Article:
–Rosemary James

As your example could be of help to other writers seeking to get their work before the reading public, could you explain the unconventional process you are using and what makes it work for you?

—Rosemary James, New Orleans 

As simple and direct as this question is, Rosemary, this is my third stab at trying to answer it because it has the whole history of publishing, and the publishing experience of all writers, including me, as its back story. I think I need to first take a brief look at what traditional publishing has offered, including its mystique, and why writers have begun to adopt independent avenues toward publication in a way that’s maybe analagous to how many film makers turned to a place like Sun Dance when the major studios wouldn’t take a chance on their projects. 

Publishing is a very big industry and one that relies on the business and aesthetic skills of a vast cadre of people. But as large and many tentacled as it is, it’s still very small in terms of the amount of work pushing up against it and clamoring for attention. This has been an ongoing problem for writers who try to navigate the system—winning the right agent, winning the right editor at the right house, winning over the layers of decision makers who ultimately do the bidding of CEOs who, after so much media consolidation, are basically just a handful of people. It’s a true bottleneck with a bunch of smaller bottlenecks along the way, starting with the overwhelmed agents who often admit they approach their submission queries with a mindset of how to say no. 

Obviously, there’s a huge amount of work, much of it excellent, that does make it through this process—agents landed, great editors acquired, editorial and marketing staffs put to the long and sometimes feverish task of launching a book. The innovative work you’ve been doing through the Faulkner Society and its competitions and conferences, where writers can meet with agents and editors who’ve looked at a sample of their work, has offered one excellent way for writers to establish contact points and has helped to kickstart the careers of writers such as Julia Glass and Stewart O’Nan. A number of other conferences have a similar purpose and many good results.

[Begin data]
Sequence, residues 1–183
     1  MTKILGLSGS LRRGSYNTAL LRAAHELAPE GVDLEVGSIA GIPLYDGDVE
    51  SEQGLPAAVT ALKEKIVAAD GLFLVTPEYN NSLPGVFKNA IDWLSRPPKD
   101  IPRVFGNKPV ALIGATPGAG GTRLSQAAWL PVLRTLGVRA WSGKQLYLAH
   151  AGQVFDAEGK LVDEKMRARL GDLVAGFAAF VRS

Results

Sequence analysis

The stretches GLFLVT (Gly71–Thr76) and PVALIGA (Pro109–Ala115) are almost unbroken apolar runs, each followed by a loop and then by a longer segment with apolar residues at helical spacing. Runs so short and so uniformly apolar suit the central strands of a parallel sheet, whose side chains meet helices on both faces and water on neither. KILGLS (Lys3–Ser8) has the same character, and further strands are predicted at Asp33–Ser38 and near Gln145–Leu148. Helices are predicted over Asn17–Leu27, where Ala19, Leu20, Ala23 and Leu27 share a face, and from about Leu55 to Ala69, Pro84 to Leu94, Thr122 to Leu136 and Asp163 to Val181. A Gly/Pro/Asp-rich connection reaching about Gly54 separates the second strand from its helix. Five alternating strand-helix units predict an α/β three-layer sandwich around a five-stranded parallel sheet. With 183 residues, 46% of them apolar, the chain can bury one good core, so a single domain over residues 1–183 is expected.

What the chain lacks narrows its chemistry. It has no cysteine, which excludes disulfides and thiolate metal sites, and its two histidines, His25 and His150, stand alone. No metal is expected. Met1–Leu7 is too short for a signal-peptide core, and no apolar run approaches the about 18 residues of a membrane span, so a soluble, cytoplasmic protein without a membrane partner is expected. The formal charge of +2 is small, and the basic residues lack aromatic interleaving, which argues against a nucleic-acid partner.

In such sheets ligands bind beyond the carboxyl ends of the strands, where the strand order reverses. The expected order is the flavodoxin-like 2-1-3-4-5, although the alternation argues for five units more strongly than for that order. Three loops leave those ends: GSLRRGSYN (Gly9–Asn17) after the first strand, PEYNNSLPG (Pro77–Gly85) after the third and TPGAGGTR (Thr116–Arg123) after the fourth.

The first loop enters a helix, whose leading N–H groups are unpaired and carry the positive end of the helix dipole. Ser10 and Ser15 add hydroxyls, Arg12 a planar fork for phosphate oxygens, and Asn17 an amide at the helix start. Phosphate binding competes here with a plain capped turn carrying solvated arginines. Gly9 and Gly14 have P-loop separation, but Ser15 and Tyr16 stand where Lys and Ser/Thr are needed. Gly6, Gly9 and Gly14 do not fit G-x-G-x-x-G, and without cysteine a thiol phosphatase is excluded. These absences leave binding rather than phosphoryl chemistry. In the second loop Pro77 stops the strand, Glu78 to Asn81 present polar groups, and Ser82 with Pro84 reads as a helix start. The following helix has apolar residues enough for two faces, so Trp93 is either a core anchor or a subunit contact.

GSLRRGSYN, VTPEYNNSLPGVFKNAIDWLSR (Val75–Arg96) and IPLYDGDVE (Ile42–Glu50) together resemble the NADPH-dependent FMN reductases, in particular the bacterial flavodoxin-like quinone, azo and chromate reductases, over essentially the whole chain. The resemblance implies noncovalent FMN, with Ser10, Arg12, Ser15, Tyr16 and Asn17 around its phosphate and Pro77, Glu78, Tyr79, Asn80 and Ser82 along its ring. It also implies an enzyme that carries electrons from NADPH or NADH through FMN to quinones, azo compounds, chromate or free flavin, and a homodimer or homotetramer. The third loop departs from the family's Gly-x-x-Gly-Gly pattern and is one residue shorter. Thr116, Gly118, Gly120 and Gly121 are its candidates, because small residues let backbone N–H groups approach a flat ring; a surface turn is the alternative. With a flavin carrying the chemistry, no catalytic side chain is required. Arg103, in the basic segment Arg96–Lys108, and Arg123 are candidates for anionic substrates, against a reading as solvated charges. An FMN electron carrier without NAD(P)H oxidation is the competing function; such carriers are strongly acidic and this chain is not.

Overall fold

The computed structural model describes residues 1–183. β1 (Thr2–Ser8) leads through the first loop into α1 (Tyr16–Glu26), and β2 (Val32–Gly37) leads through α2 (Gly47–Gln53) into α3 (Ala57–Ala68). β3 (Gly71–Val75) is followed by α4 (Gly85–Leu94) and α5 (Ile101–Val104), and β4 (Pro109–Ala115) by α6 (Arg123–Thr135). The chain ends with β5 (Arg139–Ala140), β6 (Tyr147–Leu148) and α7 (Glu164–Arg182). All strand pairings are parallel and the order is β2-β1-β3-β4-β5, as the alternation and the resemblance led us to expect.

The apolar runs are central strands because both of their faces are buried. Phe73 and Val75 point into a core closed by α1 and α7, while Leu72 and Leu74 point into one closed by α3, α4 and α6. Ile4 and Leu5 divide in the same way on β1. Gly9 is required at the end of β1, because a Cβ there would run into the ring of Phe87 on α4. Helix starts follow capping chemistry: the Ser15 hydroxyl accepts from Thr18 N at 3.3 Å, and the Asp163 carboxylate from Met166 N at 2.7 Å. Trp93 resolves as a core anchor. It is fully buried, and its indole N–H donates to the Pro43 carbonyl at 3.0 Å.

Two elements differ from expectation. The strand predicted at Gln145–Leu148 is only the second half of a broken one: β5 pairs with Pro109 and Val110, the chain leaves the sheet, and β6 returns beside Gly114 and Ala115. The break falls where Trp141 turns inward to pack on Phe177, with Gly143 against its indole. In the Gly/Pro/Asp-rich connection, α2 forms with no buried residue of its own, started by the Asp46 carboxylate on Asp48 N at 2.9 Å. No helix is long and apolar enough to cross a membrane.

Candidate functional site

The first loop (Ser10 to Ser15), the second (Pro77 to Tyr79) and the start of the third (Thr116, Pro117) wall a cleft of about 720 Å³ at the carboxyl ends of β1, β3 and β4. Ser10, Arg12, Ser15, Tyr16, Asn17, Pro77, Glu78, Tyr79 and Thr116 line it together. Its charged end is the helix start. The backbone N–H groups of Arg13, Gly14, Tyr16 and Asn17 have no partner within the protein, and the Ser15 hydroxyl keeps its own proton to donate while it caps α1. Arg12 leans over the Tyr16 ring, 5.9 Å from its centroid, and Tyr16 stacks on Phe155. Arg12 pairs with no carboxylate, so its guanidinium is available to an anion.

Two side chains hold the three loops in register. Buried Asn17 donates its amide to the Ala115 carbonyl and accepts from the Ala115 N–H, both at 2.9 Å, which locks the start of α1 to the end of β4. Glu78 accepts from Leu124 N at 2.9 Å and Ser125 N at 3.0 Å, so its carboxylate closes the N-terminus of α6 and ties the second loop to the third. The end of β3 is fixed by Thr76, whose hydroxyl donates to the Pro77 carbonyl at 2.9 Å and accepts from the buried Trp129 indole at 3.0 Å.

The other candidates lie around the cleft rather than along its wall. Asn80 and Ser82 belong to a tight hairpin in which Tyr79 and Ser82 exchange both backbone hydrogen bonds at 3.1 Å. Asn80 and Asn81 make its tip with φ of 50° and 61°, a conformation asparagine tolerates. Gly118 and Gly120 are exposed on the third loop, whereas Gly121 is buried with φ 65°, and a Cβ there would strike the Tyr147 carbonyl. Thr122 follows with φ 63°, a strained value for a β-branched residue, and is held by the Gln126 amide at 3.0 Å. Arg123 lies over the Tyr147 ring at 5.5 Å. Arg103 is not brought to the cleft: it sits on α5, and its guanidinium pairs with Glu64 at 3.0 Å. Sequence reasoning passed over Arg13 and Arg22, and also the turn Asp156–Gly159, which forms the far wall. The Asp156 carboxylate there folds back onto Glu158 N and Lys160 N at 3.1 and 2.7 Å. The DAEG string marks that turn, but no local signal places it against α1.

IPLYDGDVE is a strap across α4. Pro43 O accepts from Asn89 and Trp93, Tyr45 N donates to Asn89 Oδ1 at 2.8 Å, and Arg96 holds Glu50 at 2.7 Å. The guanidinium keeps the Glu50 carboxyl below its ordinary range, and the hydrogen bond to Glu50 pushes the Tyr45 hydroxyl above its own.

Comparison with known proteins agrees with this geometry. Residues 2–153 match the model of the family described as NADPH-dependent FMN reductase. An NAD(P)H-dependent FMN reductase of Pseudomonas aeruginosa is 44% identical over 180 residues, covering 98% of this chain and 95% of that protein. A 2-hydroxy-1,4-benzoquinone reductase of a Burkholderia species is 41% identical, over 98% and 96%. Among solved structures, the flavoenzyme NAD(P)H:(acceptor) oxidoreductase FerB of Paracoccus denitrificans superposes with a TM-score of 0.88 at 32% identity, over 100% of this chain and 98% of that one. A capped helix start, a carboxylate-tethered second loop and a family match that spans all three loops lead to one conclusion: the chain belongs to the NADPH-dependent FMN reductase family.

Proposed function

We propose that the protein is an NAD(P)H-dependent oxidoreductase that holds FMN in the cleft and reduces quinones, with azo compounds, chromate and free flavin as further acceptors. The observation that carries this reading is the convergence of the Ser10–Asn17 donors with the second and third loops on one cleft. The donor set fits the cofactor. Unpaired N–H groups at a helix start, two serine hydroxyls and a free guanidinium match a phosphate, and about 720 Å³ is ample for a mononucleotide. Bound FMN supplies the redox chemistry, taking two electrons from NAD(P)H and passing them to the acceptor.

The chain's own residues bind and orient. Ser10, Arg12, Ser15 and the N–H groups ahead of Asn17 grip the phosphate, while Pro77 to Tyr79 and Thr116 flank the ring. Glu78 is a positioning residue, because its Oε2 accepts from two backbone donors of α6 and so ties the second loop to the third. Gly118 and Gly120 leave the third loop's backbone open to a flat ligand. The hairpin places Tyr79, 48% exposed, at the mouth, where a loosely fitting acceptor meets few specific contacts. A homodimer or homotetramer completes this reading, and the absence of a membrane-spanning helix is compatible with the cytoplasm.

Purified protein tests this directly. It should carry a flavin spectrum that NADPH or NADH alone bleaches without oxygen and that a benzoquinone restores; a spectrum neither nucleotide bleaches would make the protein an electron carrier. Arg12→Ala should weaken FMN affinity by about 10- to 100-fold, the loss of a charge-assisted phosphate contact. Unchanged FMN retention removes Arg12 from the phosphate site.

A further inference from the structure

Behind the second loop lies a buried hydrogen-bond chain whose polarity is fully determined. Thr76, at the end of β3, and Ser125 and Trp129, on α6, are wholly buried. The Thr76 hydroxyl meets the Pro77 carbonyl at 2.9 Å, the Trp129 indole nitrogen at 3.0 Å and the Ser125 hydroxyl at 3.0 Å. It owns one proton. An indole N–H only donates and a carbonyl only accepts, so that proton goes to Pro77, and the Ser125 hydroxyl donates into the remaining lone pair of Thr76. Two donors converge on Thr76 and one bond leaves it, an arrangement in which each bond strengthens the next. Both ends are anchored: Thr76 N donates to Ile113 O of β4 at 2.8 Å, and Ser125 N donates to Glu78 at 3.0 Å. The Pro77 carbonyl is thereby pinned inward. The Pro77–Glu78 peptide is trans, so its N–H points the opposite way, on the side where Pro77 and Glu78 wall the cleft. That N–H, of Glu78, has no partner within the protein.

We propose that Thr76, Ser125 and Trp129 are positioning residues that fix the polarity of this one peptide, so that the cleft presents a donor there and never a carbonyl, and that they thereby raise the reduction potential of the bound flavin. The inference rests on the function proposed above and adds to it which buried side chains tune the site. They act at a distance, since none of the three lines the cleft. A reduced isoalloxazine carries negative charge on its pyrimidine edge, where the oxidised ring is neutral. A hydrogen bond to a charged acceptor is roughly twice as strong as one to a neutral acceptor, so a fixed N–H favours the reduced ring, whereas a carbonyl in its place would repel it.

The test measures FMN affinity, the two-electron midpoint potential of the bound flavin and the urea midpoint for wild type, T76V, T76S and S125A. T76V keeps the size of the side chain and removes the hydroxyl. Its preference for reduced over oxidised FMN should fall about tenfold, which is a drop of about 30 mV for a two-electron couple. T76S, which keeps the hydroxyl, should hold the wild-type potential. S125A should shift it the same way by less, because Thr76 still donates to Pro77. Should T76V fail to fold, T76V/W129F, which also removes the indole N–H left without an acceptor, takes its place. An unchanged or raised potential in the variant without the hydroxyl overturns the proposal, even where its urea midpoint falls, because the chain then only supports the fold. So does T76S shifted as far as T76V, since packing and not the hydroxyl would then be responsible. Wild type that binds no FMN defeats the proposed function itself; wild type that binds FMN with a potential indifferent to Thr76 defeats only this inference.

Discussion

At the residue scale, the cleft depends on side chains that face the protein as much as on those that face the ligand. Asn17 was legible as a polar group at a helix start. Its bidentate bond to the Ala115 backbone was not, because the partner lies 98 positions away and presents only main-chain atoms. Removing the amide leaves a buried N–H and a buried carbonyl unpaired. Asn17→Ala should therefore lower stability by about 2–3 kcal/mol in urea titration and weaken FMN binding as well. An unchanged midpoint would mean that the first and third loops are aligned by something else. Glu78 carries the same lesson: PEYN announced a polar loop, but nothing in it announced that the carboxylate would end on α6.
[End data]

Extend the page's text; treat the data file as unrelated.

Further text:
But there is a lot of work of proven merit that founders at some point in the chain between a good writer’s desk and the hands of an interested reader, and this to the detriment of both writer and reader. Until now, writers haven’t had much recourse against the publishing juggernaut, in part because they want nothing more than to join it. They crave both the imprimatur and backing the industry can offer. More than that, most have internalized the belief that a publishing contract from a major house means that their work is good and that a lack of that contract means that it isn’t. 

Enter the digital age. It’s now possible with a cover design, a basic Word document, and the help of an ebook converter (or a writer’s own skill with publishing software) to publish an ebook. That doesn’t mean that book will sell; it doesn’t even address the issue of whether it’s any good. What it does mean is that you don’t need the whole publishing apparatus in order to publish. The same thing is true when it comes to getting paper copies of books out into the world. There are increasing numbers of reputable businesses who will help a writer produce an actual book for a reasonable cost.

One of the not so well kept secrets of publishing is that, even with professional marketers on board, a writer is still responsible for a great deal of the marketing push and effort if a book is to gain a real following. While I certainly don’t want to downplay the major impact the main houses and writers’ agents have in finding a significant audience for a book—it is huge—there’s still the fact that an author with a good book in hand, who is ready to work hard and be creative in marketing, can find an audience. And with the wide reach of the Internet and the growth of social media, marketing has new tools that are only beginning to be tapped.